The European Commission recently determined that the CFTC regime for regulating derivatives central counterparties (CCPs) is substantially equivalent to the regime established under the European Market Infrastructure Regulation (EMIR). Thus, a CFTC-authorized CCP, upon complying with certain initial margin and liquidity requirements, may clear derivatives with European counterparties without applying for E.U. authorization. As a result, hedge fund managers that use CFTC-authorized CCPs can continue using those CCPs and will not have to move to an E.U.-based CCP. Furthermore, because they will not need to comply with a second set of rules under EMIR, CFTC-authorized CCPs may be spared additional compliance costs, which costs would have likely been passed on to hedge funds in the form of higher clearing fees. This article discusses the basis for and the implications of the decision. For more on EMIR clearing obligations, see “Central Counterparty Liquidation Period May Be Shortened Under EMIR to Conform to U.S. Regime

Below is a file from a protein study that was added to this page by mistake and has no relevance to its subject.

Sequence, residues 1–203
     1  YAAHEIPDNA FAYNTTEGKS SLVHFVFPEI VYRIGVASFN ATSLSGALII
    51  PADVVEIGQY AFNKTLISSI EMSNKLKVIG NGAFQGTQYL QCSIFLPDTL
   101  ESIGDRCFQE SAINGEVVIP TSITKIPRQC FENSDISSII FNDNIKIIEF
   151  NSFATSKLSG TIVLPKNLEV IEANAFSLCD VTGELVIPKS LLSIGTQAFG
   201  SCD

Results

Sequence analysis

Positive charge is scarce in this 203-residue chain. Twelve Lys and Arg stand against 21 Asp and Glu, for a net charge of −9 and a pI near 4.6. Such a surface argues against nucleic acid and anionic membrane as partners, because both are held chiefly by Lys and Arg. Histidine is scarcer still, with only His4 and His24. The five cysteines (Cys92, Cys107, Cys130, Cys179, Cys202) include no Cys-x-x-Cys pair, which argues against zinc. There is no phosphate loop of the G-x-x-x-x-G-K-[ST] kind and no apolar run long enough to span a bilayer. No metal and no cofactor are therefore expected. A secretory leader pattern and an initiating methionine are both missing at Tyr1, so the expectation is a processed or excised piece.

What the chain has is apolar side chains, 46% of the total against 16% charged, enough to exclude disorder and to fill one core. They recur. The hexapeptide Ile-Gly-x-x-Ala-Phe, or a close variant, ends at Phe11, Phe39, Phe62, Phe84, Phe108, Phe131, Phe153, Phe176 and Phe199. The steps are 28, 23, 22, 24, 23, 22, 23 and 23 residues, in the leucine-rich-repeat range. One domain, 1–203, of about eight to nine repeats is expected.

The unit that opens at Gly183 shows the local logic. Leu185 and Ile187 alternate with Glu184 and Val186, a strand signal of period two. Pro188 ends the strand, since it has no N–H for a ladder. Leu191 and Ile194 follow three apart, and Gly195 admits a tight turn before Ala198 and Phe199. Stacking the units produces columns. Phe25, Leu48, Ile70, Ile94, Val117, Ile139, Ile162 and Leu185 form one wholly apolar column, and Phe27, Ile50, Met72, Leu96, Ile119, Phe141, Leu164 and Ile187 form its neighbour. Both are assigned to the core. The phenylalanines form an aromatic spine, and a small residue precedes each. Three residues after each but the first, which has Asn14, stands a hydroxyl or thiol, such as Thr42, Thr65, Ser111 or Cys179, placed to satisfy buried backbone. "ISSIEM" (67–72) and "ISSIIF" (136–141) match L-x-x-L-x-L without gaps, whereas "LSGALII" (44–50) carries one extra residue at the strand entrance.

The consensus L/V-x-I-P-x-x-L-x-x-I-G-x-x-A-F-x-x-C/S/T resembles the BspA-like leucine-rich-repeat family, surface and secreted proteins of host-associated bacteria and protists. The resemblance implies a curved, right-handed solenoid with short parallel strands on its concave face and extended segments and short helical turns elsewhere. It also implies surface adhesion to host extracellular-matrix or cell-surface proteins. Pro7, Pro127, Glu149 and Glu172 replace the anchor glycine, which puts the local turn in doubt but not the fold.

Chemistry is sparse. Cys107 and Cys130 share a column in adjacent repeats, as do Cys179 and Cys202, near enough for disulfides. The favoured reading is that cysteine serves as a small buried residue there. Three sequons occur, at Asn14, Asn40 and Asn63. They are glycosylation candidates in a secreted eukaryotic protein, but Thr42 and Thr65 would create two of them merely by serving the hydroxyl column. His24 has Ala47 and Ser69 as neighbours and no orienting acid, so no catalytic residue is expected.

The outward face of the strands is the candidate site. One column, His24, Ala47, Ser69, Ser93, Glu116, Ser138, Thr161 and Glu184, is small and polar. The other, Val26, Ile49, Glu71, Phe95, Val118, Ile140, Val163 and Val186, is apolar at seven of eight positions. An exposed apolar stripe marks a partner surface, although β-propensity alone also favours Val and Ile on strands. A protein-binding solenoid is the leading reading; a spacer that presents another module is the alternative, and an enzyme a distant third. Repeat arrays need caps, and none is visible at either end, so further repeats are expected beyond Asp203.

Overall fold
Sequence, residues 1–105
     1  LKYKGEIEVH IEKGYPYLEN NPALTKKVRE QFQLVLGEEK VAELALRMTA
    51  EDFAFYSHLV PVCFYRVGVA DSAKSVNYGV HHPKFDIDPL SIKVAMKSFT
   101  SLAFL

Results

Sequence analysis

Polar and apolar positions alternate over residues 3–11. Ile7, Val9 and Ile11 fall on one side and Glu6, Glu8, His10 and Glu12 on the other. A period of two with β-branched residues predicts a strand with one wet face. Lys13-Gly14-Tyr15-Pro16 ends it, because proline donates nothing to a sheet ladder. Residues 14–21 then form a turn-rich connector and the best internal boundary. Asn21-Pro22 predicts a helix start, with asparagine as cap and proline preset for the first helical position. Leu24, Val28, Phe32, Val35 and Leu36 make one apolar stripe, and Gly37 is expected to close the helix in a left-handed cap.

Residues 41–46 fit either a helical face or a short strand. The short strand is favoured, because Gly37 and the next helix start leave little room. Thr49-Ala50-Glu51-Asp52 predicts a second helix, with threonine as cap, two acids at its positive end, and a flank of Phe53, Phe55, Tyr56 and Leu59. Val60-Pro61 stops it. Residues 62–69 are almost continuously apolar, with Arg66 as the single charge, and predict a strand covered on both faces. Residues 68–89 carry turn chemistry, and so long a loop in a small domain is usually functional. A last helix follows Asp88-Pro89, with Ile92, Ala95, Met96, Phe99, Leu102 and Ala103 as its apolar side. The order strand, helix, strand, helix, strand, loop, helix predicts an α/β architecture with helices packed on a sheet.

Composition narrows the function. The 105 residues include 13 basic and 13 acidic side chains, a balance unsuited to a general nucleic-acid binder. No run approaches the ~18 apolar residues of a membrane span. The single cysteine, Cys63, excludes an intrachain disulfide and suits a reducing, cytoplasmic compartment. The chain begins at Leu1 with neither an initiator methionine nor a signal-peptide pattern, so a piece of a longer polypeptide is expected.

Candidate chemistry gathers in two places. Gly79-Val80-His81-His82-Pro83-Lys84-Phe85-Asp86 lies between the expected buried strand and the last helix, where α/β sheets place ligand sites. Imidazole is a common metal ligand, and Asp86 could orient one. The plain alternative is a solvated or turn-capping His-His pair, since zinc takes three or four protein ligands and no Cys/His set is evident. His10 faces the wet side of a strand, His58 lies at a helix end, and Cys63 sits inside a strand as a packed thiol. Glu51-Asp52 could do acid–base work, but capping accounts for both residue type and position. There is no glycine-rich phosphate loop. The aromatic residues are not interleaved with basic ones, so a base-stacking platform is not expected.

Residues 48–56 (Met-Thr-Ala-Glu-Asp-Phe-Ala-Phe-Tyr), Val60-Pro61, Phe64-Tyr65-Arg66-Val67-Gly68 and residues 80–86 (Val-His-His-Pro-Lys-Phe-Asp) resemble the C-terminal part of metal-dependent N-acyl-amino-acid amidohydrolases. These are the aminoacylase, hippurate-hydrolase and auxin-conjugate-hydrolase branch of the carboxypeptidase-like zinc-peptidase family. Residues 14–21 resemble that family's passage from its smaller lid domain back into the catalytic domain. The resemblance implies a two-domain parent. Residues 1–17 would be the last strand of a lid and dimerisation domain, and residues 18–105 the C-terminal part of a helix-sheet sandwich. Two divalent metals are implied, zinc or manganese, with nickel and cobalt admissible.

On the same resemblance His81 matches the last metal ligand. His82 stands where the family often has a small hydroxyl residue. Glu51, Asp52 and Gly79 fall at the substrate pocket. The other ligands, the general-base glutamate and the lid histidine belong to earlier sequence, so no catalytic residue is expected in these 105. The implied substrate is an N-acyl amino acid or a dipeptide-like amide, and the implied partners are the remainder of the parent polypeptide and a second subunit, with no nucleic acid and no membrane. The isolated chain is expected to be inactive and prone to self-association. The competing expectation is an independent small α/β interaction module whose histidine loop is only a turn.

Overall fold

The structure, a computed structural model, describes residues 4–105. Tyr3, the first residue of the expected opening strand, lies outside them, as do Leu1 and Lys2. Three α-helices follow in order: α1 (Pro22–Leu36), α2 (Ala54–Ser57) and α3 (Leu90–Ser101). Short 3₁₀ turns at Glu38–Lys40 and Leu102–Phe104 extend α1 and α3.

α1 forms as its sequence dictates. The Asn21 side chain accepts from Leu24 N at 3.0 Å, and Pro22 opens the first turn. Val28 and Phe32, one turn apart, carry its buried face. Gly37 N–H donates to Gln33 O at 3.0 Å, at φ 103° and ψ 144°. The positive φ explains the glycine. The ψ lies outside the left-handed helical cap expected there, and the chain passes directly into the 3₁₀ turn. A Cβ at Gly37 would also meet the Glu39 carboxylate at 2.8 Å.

” (Sep. 10, 2015); and “Comparing and Contrasting EMIR and Dodd-Frank OTC Derivatives Reforms and Their Impact on Hedge Fund Managers
” (Sep. 19, 2013). For more on EMIR generally, see “EMIR Offers Three Models of Asset Segregation to Fund Managers That Trade OTC Derivatives
” (Apr. 16, 2015).